Play It Safe When You Head Out to Play
Keeping your family and your property safe on the road is a top priority when you head out on an RV or camping trip. Staying safe is easy when you make the right preparations. Here are some tips to make sure your next trip results in only good memories.
Did you know that most manufacturers recommend that you replace your smoke, LP, CO and fire alarms every five years? Test all your gas, smoke and fire alarms regularly, and replace the batteries at least twice per year. If you replace your home smoke and fire alarm batteries when Daylight Saving Time begins and ends, do the same with your RV alarms.
Make sure you have at least one fire extinguisher on board your RV – and that it works. Select your fire extinguisher by the type of fire it is designed to put out. Make sure you have a suitable extinguisher for kitchen fires at a handy location in the galley.
Another extinguisher for electrical or engine compartment fires should be easily accessible in the cockpit of a motorized RV or in the tow vehicle you use to pull your travel trailer or 5th wheel
If you don’t already have a surge protector built into your coach’s electrical system, get a portable model that simply plugs in at the power pedestal. These devices can save you from having to replace your RV’s major appliances (refrigerator, microwave, TV, Air conditioner) if park power is unstable or insufficient. Make sure the models are available for both 30-amp and 50-amp RV electrical systems.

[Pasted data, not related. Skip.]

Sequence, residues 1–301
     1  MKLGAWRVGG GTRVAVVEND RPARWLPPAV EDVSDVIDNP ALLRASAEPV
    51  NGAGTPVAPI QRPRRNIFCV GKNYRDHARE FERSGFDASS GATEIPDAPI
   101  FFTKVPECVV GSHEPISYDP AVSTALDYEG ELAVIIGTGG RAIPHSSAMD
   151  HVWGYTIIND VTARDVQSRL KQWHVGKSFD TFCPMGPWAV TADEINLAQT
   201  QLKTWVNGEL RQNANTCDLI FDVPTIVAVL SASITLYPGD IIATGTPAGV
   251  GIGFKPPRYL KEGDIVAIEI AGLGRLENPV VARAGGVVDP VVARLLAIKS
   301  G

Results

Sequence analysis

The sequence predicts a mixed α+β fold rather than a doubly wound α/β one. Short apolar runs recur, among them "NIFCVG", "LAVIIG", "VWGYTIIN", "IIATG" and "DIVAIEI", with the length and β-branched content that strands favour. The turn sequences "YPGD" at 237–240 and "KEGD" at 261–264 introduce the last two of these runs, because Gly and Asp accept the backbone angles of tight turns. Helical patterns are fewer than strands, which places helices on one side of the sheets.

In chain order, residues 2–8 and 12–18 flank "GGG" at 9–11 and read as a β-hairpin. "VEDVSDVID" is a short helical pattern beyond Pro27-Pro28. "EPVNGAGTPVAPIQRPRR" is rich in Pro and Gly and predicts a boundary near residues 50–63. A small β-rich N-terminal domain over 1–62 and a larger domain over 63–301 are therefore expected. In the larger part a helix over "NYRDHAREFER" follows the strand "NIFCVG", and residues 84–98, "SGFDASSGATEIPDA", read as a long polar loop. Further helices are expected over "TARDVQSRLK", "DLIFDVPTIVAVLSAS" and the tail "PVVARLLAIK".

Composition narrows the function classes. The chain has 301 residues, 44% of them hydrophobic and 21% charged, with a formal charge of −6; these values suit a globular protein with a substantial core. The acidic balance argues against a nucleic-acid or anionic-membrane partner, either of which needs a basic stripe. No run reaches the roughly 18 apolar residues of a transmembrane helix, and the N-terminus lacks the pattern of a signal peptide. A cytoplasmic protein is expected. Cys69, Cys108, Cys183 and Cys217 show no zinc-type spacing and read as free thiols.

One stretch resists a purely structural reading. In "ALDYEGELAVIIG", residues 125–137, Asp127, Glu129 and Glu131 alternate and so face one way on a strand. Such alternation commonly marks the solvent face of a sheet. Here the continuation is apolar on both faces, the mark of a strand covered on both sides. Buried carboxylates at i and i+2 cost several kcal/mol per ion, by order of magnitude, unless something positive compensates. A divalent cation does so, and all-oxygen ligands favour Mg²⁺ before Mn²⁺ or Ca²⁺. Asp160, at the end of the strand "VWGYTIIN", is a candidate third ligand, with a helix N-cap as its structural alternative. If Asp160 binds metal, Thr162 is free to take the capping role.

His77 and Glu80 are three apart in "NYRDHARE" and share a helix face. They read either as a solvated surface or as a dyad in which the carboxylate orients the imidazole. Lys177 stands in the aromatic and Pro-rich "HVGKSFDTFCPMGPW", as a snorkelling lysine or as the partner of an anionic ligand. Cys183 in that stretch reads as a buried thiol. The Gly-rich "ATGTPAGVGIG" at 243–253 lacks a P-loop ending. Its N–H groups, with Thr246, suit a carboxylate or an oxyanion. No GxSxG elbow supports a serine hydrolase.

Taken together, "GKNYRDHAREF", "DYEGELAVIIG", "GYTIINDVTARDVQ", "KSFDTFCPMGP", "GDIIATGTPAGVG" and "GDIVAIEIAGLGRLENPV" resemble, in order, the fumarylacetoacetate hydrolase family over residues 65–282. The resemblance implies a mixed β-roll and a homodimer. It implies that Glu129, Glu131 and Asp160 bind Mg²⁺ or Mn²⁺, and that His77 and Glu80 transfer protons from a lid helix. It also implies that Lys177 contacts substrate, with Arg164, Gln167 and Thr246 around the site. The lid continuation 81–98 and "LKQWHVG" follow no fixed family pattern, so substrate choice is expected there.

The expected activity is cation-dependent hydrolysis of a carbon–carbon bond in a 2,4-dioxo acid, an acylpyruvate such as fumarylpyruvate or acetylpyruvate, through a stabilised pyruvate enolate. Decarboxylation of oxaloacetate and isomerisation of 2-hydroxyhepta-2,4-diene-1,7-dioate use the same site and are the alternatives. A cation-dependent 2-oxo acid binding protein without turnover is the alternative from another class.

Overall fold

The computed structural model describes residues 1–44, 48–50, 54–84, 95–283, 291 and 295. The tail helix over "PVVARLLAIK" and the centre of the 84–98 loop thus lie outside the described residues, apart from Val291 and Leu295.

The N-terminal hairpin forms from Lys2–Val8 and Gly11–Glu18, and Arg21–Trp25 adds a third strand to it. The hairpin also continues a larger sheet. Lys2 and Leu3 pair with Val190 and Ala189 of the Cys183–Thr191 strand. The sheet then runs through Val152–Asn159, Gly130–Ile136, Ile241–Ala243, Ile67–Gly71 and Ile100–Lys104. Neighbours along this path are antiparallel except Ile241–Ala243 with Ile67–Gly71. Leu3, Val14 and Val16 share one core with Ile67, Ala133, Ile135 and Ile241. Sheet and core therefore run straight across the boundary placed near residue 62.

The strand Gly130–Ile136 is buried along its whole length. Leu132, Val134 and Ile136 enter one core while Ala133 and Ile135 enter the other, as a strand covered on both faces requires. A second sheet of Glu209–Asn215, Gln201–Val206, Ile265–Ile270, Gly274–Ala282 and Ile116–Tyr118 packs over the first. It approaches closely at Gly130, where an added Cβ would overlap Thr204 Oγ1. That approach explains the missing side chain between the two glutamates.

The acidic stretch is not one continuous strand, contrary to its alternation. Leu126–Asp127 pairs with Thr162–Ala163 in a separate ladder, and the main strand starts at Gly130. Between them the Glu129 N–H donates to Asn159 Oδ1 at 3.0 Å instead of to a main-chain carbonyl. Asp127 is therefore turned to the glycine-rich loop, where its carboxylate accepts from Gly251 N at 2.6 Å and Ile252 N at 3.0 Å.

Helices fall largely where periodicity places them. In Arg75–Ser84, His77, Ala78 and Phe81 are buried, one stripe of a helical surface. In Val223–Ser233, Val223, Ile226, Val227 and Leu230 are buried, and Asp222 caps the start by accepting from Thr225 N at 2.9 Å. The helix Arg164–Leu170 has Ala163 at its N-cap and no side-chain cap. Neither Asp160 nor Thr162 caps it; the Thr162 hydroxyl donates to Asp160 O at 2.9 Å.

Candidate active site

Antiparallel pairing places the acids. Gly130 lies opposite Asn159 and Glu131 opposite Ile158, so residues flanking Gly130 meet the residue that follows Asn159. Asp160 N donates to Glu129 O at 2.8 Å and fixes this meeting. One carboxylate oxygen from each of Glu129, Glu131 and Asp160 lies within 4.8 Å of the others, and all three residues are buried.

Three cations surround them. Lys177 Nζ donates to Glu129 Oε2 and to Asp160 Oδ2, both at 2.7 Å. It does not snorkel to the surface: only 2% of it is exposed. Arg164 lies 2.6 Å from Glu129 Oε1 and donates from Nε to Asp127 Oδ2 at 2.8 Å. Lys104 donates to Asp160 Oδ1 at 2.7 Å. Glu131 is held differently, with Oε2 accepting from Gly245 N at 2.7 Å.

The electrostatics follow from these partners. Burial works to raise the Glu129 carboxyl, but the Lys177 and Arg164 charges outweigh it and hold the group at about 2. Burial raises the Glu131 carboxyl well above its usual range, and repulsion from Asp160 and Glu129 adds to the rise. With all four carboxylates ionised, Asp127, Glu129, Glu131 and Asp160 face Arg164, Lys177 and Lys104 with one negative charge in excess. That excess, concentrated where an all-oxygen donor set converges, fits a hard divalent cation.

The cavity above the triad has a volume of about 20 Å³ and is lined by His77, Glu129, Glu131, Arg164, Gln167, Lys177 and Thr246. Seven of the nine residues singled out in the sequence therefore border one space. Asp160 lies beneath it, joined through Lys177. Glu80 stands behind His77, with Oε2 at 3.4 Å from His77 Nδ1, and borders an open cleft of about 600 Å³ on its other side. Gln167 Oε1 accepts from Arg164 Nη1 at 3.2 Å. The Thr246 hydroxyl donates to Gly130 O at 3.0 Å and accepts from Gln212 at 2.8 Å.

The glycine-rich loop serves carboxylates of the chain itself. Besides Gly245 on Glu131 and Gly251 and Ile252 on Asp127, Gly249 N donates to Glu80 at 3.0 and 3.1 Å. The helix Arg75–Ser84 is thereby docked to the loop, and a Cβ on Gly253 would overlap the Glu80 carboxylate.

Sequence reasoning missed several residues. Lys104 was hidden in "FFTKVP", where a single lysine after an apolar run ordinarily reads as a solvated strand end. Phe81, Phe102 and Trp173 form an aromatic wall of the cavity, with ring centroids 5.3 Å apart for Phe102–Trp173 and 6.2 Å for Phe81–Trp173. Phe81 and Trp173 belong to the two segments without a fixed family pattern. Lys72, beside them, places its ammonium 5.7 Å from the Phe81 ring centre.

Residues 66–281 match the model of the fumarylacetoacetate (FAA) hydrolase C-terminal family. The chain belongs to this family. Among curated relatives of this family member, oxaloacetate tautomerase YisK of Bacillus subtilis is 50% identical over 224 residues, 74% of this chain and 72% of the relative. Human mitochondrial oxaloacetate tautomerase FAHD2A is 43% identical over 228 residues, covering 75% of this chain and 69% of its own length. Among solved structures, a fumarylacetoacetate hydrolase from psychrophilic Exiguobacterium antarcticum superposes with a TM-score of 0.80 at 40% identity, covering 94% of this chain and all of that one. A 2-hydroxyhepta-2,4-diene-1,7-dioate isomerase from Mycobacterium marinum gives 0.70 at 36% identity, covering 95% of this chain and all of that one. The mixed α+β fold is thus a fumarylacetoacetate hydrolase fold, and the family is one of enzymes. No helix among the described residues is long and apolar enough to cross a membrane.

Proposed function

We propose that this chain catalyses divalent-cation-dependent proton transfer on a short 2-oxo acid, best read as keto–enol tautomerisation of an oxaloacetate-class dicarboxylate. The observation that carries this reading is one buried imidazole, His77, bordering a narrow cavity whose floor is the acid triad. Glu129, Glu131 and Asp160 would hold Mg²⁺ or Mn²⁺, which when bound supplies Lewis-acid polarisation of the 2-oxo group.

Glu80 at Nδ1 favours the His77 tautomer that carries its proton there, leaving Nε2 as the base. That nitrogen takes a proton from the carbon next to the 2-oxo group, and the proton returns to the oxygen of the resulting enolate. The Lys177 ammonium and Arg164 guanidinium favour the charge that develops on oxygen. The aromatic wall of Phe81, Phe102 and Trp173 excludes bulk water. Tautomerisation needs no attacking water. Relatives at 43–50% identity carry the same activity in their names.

To help ensure that the water coming from your RV faucet is clean and free of harmful microbes or cysts, change the filter on your under-sink or exterior in-line water filtration system. Most filters should be changed at least once per year, more often if you use your RV year-round or full-time. Check the manufacturer’s instructions on how many gallons the filter is designed to process before it should be replaced.
The number one cause of blow-outs is too-low tire pressure. Check tire pressures daily while on the road, and before leaving on any camping trip. A tire pressure monitoring system is a handy way to keep an eye on every tire on your RV or towing configuration. Make sure you have a good quality tire gauge in every vehicle and use it regularly. A portable air compressor is also handy for quick top-ups anywhere without having to search for a fuel station with an air hose that will reach all your tires.
Equip your RV, tow vehicle or dinghy with anti-theft devices, such as hidden battery cut-offs, steering wheel locks, trailer coupler locks, locking chocks for tandem wheels and kingpin locks for 5th wheels. Thieves won’t bother with vehicles that are too much trouble to get into or drive off.
Stay in Control
Upgrade your RV, tow vehicle or dinghy with equipment that improves handling and driver control, such as sway controls, steering stabilizers, load-levelers such as air springs, weight distributing hitches and auxiliary braking systems. A hard-to-handle trailer or RV can result in driver fatigue and accidents caused by shoulder drop-offs, the inability to steer around an obstacle or not being able to stop in time.